February 07, 2023

Nightcap Appeals Refusal of Development Consent - Update

On February 9 - 10, objections will be heard from experts and impacted locals in the Land and Environment Court during a two-day hearing of the matter NCV Enterprises Pty Ltd v Tweed Shire Council, regarding the development application DA21/0010 for a concept proposal to create 10 interconnected Rural Land Sharing Communities and associated works with 392 Residential Lots.

Also represented by NCV Enterprises are other landowners who were included in the original development application: Peter Van Lieshout, Dolph Cooke, Darko Kovac, Zimmer Land Pty Ltd and Kempcove Pty Ltd.

The NCV Enterprises DA application comprises a staged rural land sharing community and associated works over 24 lots and Stage 1 civil infrastructure works.

NCV Enterprises has appealed in the Land & Environment Court against the Regional Planning Panel’s decision to refuse their development application. Since 2017, similar applications by the prospective developers were refused three times by Tweed Council, prior to refusal by the Regional Planning Panel on 18 August 2021 due to "failure of permissibility".

February 03, 2023

Federal Court Favours Phoenixing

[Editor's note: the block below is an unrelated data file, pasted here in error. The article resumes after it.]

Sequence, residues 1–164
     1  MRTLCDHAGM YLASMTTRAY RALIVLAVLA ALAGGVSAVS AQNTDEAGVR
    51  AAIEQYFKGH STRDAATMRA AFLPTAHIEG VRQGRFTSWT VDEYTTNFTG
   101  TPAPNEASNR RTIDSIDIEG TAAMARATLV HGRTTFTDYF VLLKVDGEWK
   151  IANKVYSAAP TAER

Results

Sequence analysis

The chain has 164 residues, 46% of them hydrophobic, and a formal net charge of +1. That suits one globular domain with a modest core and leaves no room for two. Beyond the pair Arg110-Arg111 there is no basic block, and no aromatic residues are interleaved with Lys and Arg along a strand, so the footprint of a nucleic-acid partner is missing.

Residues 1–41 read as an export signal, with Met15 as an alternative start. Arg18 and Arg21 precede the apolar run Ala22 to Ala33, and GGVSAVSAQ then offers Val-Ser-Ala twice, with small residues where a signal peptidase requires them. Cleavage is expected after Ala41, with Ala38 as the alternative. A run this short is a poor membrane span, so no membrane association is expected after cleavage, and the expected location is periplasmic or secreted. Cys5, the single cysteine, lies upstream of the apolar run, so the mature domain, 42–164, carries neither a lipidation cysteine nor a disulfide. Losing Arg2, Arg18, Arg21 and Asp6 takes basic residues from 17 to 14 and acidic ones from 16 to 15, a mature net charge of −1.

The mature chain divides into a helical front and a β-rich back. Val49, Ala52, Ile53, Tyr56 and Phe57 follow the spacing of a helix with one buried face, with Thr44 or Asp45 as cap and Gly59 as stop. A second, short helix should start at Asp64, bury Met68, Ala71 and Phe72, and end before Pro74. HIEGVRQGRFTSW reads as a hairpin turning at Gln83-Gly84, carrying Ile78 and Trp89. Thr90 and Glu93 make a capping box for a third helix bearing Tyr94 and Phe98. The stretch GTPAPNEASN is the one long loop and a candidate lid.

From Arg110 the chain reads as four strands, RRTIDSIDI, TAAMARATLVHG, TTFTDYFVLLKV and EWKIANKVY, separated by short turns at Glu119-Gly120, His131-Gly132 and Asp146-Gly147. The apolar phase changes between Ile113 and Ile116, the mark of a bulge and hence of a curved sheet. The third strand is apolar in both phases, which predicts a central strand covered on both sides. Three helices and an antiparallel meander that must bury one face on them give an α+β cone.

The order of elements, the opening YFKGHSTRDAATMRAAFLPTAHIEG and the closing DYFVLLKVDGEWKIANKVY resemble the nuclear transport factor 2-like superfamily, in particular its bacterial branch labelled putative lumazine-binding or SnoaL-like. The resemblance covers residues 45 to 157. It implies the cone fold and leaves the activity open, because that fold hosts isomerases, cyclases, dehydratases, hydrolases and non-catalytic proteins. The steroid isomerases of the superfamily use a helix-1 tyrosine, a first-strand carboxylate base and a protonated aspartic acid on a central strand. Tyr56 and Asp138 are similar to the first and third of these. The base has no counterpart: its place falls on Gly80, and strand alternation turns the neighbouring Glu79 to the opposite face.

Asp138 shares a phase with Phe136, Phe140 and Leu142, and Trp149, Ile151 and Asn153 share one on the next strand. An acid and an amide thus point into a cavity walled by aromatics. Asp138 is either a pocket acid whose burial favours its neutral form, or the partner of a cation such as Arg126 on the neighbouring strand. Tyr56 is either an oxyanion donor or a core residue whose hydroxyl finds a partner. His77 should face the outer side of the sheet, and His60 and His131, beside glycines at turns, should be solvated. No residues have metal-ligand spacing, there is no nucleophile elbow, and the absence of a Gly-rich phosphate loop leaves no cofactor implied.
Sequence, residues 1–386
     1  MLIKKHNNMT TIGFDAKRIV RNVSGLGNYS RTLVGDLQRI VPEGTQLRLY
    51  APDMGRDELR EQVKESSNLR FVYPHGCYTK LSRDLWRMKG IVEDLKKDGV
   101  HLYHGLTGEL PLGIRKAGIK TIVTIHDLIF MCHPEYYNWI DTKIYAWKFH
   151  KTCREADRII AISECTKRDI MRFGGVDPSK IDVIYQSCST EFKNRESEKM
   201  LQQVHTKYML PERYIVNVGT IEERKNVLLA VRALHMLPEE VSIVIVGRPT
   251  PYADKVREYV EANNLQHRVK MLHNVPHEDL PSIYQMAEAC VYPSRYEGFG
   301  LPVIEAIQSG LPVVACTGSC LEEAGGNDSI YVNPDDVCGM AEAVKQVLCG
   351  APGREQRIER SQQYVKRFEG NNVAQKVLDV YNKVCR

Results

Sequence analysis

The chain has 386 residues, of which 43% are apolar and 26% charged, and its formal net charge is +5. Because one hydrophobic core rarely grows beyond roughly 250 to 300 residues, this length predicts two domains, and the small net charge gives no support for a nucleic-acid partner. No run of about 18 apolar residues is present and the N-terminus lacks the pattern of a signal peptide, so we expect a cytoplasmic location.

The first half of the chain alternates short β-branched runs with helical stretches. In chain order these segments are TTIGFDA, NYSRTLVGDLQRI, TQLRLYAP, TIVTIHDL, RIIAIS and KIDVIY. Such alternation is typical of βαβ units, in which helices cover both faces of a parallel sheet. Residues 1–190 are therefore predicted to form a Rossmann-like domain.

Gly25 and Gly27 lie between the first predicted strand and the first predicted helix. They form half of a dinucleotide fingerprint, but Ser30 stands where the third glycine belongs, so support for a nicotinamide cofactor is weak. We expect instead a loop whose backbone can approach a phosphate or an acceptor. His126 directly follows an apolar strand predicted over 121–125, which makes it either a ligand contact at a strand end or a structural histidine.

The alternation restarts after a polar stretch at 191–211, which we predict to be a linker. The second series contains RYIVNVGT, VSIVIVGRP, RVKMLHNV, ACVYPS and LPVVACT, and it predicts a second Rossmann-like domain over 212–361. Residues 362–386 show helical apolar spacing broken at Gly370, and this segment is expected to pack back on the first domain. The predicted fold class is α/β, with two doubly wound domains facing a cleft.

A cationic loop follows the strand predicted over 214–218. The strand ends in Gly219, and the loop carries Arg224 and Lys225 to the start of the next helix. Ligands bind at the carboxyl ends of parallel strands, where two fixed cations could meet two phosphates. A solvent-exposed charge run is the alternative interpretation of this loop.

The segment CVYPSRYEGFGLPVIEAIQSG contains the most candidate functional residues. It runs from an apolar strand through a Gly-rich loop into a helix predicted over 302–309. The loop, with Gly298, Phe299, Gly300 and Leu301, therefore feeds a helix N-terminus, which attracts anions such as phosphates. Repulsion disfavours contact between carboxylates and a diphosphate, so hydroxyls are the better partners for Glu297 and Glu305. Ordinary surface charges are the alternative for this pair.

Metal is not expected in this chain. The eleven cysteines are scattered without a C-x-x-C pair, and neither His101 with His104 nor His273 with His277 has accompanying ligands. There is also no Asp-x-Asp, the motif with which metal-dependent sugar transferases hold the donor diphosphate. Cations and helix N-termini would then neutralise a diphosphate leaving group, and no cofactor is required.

Concluding in an decision that signals a clear judicial green light to phoenixing with impunity, an application by liquidator Steven Staatz for payment of remuneration for liquidation of the company Wollumbin Horizons and sale of property in a phoenix action, was heard on February 2 in Qld Federal Court. 

Six years have now passed since the Liquidator made promises of completion and distribution to beneficiaries in six months. Proposed costs topped at $150,000 have blown out to over $1,500,000. Even so, the application was considered by Judge Derrington in favour of the liquidator. Judgement is deferred, but when formalised in orders, the verbal conclusions will enable a creditor-defeating phoenix action.

This will unfortunately result in the only beneficiaries being the company director, the liquidator, the lying lawyers and other associates who helped enable the phoenix activity.   

Request for Investigation of Liquidator

I am the second defendant and sole judgement creditor in this matter. At this hearing I objected to the liquidator's application and requested orders for an inquiry pursuant to s 423(1)(b) of the Corporations Act, since omissions and acts indicate that as a Court official, the liquidator of the property at Mt Burrell, NSW, has not faithfully performed the proper functions of a controller with powers as administrator, liquidator and receiver.

I contend that the conduct of this proceeding has involved misdirection with errors of fact resulting in errors of law and a civil miscarriage of justice, causing profound disadvantage to defendants.

The  Federal Court matter, QUD 32/2018, followed a request for winding up of the  company Wollumbin Horizons by the company director in 2017.

The liquidator reports in his application that the property was sold at public auction on 6 June 2020 for $2,000,000.00. It was listed for sale with Ray White Rural and Christie’s Prestige. The executive director of Christie’s Prestige, Eamon Lowe, is known to be a close associate of Wollumbin Horizons' director, who was convicted at Southport District Court in 2019 for attempting to mislead the Court. The Federal Court ignored warnings of conflict of interest.